Trevor Fisher's picture
Sun, 13/07/2014 - 16:44

comments about the use of stats in the department are tilting at the wrong windmill. The misuse of statistics is consistent in proving that their policies are right. The point has to be hammered home that the government cherry picks stats to claim a policy is justified, not that it is correct. The attempt to control media reporting is the central point, and in this it has been wholly successful.

Question is, why are the critics unable to get through to the media? And how to stop being sidelined and ignored?

Trevor FIsher.

Patrick Hadley's picture
Sun, 13/07/2014 - 23:03

The UK Statistics Authority should be the place to take complaints of the government misusing official statistics. Back in 2012 they ticked Gove off about his distortion of the Pisa results.

Arthur Harada's picture
Mon, 14/07/2014 - 16:46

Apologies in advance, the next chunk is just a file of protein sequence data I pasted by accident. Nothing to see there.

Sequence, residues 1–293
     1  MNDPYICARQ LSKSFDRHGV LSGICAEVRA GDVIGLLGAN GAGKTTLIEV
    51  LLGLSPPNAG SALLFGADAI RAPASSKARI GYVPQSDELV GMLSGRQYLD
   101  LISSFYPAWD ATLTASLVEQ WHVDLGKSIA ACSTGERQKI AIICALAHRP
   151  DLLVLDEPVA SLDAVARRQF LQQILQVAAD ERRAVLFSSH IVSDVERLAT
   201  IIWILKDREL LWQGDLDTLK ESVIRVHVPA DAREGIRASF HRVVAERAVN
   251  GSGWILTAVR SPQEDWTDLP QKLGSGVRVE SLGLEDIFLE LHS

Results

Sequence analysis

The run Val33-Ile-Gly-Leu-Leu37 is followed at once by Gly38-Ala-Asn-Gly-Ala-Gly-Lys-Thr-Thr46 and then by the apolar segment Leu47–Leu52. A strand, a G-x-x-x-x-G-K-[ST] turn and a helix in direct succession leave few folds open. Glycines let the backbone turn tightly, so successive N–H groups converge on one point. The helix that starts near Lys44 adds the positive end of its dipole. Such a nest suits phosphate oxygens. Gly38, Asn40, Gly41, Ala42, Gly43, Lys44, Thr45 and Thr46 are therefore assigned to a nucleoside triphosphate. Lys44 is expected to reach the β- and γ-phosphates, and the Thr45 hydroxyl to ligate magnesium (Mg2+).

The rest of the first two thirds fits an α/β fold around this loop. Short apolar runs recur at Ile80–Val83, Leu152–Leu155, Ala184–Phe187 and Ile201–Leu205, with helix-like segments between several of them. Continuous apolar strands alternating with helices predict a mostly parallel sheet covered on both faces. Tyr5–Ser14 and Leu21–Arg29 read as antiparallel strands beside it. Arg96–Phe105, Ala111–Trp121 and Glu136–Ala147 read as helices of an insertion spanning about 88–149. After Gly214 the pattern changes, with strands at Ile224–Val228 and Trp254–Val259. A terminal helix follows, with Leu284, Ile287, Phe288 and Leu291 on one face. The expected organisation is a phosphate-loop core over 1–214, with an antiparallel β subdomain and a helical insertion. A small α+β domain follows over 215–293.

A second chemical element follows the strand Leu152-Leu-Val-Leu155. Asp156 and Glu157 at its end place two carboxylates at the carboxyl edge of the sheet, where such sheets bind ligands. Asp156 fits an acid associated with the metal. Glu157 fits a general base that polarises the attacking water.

I know there are certain bodies to which one may express concerns as to how so called statistical data can be so manipulated to support or dismiss this or that alleged finding. The one indisputably objective body to analyse data is the Royal Statistical Society. The Society is rarely used by government departments simply because it declines to put a spin on information that might be "uncomfortable" for the latter. One of the great travesty's in analysing school data is by the likes of Ofsted inspectors many of whom obtained a C in the lower tier of the GCSE. That tier requires neither knowledge nor use of even the basic statistical technique of calculating an average.

Brian's picture
Mon, 14/07/2014 - 17:34

' .... in analysing school data is by the likes of Ofsted inspectors many of whom obtained a C in the lower tier of the GCSE.'

And your evidence for that statement is .... ? I can't see the Royal Statistical Society accepting that statement on face value!

Andy V's picture
Tue, 15/07/2014 - 11:45

On a lighter note perhaps this approach may help Mr G overcome his lack of ability with facts and figures:

In excess of 21,600,000 have had a go so far and they can't all be wrong ... :-)

Janet Downs's picture
Tue, 15/07/2014 - 13:14

Thanks, Andy. The number slapping has now reached 21,698,023.